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Comment Re:If I was Microsoft, here's what I'd do. (Score 1) 90

I think either yours or my idea or even both would be a good move to add more Windows Phone users.

Realize that I don't necessarily believe that more Windows phones are automatically a social good; I just believe that if that were Microsoft's goal, the way to achieve it would be for Microsoft to encourages developers to target them as a platform. This would incidentally benefit Microsoft by having developers target their code to Microsoft's IDE, rather than X Code or Eclipse.

Again, this is only about Microsoft's best interests in regard to establishing market share, and not about what I believe is necessarily a social good.

Comment Re:If I was Microsoft, here's what I'd do. (Score 1, Insightful) 90

I'm not sure if this is legal or not, but if they made an iOS and Android emulator so you could run both iOS and Android apps on the Windows phones, some people might get a Windows Phone then who'd otherwise be getting one or the other because they figure they get all types of compatibility.

This would be the third worst tactical blunder of all time. The most famous of which is "never get involved in a land war in Asia" - but only slightly less well-known is this: "Never go in against a Sicilian when death is on the line"!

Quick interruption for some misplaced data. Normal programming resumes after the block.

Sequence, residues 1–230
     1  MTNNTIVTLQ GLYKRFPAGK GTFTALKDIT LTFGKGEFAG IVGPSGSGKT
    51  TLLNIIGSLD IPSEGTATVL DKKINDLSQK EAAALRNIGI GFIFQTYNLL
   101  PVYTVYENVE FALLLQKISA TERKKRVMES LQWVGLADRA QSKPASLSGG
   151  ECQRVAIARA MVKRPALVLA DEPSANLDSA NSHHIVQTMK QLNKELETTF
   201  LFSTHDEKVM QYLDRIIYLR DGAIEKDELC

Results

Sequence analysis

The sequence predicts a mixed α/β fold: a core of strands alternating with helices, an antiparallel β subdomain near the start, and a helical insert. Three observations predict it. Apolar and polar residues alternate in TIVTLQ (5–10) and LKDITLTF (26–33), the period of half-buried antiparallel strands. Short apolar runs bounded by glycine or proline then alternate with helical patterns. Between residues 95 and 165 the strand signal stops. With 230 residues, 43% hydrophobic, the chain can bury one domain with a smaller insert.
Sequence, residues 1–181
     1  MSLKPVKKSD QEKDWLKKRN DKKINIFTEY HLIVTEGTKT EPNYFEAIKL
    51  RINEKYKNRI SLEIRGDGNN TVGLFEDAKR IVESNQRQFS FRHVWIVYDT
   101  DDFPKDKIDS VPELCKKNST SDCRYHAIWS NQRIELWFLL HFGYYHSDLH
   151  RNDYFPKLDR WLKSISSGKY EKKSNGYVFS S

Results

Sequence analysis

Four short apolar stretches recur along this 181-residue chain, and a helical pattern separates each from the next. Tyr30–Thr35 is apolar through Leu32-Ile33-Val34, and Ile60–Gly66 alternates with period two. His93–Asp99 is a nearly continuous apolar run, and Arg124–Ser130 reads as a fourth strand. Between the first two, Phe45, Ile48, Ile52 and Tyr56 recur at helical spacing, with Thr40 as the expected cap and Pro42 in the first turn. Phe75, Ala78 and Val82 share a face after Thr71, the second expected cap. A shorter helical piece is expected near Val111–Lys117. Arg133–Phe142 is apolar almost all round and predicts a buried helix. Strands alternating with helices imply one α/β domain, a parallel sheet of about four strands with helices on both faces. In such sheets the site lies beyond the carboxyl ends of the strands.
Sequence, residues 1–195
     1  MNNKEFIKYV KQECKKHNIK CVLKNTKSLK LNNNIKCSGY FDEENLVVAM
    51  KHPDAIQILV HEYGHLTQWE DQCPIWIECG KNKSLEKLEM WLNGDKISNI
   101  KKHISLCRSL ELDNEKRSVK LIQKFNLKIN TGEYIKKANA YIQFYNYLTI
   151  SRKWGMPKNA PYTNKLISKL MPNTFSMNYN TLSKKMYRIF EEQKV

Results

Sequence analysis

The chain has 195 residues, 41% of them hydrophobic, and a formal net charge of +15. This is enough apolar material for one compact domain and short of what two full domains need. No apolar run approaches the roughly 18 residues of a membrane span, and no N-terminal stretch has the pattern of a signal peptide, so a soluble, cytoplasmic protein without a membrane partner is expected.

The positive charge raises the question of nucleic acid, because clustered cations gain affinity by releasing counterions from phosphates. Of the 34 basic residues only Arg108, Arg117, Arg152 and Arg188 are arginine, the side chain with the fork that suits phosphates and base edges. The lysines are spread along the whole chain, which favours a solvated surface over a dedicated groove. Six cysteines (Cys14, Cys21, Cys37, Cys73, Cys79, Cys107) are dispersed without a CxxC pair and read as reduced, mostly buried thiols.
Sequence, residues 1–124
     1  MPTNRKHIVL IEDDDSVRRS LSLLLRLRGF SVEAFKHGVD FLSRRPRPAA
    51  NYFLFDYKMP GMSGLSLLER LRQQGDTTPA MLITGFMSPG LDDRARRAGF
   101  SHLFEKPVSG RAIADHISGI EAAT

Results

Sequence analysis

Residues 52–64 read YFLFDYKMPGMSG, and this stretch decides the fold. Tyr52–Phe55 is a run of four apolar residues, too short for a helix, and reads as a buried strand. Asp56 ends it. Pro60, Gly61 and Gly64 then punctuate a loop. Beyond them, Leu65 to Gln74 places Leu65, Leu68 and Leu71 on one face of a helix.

The correct thing to do is build Windows emulators for iOS and Android, rather than the other way around.

This will cause developers to target their development for Windows, rather than targeting iOS or Android. This get Microsoft native apps, and at the same time, detracts from having those same apps native on iOS or Android.

FreeBSD made the mistake of building a Linux emulation layer for FreeBSD, instead of a FreeBSD emulation layer for Linux, which would have had developers working on FreeBSD native code, rather than Linux native code.

Comment Re:The best summation I've seen (Score 1) 99

They know, but the people paying their bills don't care, so the "don't care" trickles down through the ad networks.

Brand X wants an in your face ad. Ad company Y can persuade brand X with common sense, but then Brand X isn't filled with marketers full of common sense, just avarice. So Ad company Y sells Brand X's "vision" of an ad because Ad Company Y's employees need to eat.

The only way to fix this is to do a eugenics program on marketers.


Comment Re:Pseudonyms have a cost to social networks (Score 1) 232

>And they aren't obligated to provide you with anything.

And I'm not obligated to give them anything either.

>you have no rights to anything they provide.

They put it up for free use. I'm going to use it. If they want to make money legitimately, they can paywall it. They don't arrest the people who walk the shopping mall every day for exercise and don't buy anything.

You really are some sort of fascist.